When EA Sports missed out on the MLB license, they took their MVP franchise and converted it into a college baseball game. It sold miserably. It was a technically sound game that received favorable critical reviews, but no one really cares about college baseball.
What might be more viable, perhaps as a mode within MLB 2K or MLB The Show, would be to include the World Baseball Classic as a playable tournament. The event has been around for 6 years now, and grows in popularity. It’s also short enough that a Euro 2012-like download could be created down the line for owners of the disc MLB games.
Arena Football & CFL
There have already been a couple of Arena Football games recently, published by EA in 2006 & 2007, that faired decently for a new franchise. The 25-yr old league has strong ties to the NFL and is extremely popular in its local markets, notable for its rough style of play and high-scoring games. Games currently appear on the NFL Network, which isn’t accessible to everyone, and relegates the game nationally to diehard fans of football.
So, why hasn’t there been a video game produced for the league in 5 years? Most notably because of the big rules changes and changes in ownership in 2008. It cancelled its 2009 season and almost folded, and may be some time before it gets back on its feet enough to support another game.
The CFL (Canadian Football League) may be in the same position; the league is really only popular in Canada, and developing a standalone game strictly for that market wouldn’t result in satisfactory sales. To invest millions in acquiring the license, developing an engine, mapping realistic players models, and creating a worthy audio presentation would take years of successful sales to recoup.
The download option for the CFL could be extremely viable here, as fans already create and share leagues, players, and jerseys as mods for yearly Madden iterations, showing its popularity.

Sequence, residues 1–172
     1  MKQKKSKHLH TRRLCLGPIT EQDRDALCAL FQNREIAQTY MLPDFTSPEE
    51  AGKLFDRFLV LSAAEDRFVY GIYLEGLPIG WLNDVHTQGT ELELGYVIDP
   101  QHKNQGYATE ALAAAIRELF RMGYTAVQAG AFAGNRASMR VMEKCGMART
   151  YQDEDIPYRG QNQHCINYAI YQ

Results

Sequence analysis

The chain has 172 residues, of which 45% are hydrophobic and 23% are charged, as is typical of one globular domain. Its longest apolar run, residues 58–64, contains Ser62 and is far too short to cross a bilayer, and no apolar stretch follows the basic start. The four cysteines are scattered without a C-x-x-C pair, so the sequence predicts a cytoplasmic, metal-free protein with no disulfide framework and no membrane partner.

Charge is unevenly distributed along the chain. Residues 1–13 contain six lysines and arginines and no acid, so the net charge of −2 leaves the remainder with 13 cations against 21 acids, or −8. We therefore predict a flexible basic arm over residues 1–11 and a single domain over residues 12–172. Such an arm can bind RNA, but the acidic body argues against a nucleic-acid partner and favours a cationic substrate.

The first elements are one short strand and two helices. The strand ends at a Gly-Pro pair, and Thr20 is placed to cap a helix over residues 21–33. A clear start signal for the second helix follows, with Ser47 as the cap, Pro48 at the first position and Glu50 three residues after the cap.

Indoor Soccer Leagues
Indoor soccer has been a popular sport in the US in local markets for decades, with the MISL as the premiere current league. A major standalone game could be fun, but also fiscally impossible. That’s why taking the route that the NLL did, which was to license the league’s name and players to an independent developer and distribute through XBox Live Indie Games, resulted in a success. Fans of the sport weren’t expecting a game, and probably weren’t expecting much of a game, so anything was better than nothing.
This tactic would work well for the MISL and indoor soccer. There are plenty of hungry independent developers that have the talent to create something for the sport that could be received well and cost little investment. And better yet, with iOS development booming right now it would be advantageous to place a game on that service as well.
The amount of women’s professional sports is growing exponentially. The amount of video games based on these sports is crawling at best. While WNBA players have appeared in other games, there isn’t one devoted to the league. Well, there is, but there’s no timeframe for it ever releasing. The best bet in this case is to go the NLL route and license the game to a smaller developer, but for iOS. The adoption of iOS makes the game widely accessible to both men and women, and there are far more female gamers on the service than on XBLA or PSN.
Thanks to the explosion of iOS gaming, digital downloads on consoles, and services like Steam there are multiple avenues for smaller sports leagues to make a splash into the gaming market. In the case of many of these, building awareness is just as important, if not more, than making piles of profit, and the investments may be small enough to allow a successful endeavor either way. In fact, with all of the different indie bundles that have been released, I’d love to see an Indie Sports Bundle in the future bringing some of these games together for a great price.
In the meantime, we can change jersey colors and player names in Madden or FIFA, and hope that one day there is an option available to play more of the sports we love in digital domains.